The Asante and Ewe peoples of Ghana in West Africa make kente cloth, the best known of all African textiles. Asante kente, such as the cloth shown here, has beautiful, brightly colored geometric patterns. Kente cloth expresses different proverbs or ideas through different designs. More than three hundred different kente designs have been recorded, and each one has its own particular message.
Kente cloth is woven primarily by men and is made up of many strips, each four to eight inches wide. These strips are cut into pieces and sewn together side by side to make a large cloth. The weaver must have the colors and design of the cloth in mind before he begins to weave. He may add variations of his own into a well-known, traditional pattern to make the design a unique one.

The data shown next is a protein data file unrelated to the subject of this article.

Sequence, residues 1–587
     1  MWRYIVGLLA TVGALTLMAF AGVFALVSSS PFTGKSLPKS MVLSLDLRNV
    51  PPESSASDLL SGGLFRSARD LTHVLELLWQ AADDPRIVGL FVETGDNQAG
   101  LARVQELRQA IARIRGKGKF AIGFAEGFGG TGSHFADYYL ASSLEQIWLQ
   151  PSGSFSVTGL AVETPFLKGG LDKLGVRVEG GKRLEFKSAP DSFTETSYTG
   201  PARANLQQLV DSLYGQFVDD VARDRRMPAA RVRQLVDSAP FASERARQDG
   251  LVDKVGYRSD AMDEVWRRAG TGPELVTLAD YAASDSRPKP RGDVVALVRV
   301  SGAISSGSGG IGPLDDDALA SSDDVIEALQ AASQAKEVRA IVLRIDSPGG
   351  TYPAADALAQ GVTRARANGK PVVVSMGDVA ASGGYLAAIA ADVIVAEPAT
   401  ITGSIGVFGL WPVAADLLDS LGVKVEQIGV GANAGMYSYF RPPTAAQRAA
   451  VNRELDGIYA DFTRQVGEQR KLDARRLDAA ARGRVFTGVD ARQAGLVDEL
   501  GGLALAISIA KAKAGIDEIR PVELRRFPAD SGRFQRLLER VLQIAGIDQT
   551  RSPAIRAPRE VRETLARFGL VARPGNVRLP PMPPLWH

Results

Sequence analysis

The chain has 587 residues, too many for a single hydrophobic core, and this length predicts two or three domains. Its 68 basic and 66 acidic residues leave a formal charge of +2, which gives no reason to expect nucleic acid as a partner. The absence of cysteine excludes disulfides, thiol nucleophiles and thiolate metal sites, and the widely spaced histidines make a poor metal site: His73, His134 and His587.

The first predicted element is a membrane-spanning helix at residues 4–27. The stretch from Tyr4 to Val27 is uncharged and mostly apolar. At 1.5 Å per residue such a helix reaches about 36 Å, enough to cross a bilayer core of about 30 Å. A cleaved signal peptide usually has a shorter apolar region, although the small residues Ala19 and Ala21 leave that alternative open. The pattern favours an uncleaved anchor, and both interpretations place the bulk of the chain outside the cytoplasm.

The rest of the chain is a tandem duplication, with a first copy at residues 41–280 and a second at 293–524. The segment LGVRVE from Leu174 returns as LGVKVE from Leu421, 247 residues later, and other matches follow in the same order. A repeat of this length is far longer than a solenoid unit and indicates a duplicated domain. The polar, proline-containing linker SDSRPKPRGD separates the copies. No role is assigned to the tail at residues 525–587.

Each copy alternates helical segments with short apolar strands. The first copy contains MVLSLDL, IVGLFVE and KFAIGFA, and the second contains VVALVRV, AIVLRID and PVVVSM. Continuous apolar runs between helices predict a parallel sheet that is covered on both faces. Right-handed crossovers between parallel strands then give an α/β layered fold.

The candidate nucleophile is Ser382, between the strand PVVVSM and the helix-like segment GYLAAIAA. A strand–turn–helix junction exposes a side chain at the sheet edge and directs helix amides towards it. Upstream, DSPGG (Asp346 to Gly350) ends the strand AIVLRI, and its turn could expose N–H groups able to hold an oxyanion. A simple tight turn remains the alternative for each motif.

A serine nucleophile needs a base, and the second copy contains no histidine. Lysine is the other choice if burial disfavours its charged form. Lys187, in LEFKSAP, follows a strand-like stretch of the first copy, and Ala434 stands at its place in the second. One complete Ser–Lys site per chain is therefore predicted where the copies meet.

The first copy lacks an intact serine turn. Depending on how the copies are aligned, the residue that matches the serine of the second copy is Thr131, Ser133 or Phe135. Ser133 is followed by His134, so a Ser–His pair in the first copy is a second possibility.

Historically, kente was royal cloth, and the king controlled the use and fabrication of it. With time, however, the use of kente became more wide- spread, and non-royal Ghanaians came to wear it on special occasions. When worn, kente is wrapped around the body and draped over the shoulder. The strips of the cloth must be straight, both horizontally and vertically, and the bottom of the cloth should hang at the same length all the way around the wearer’s ankles.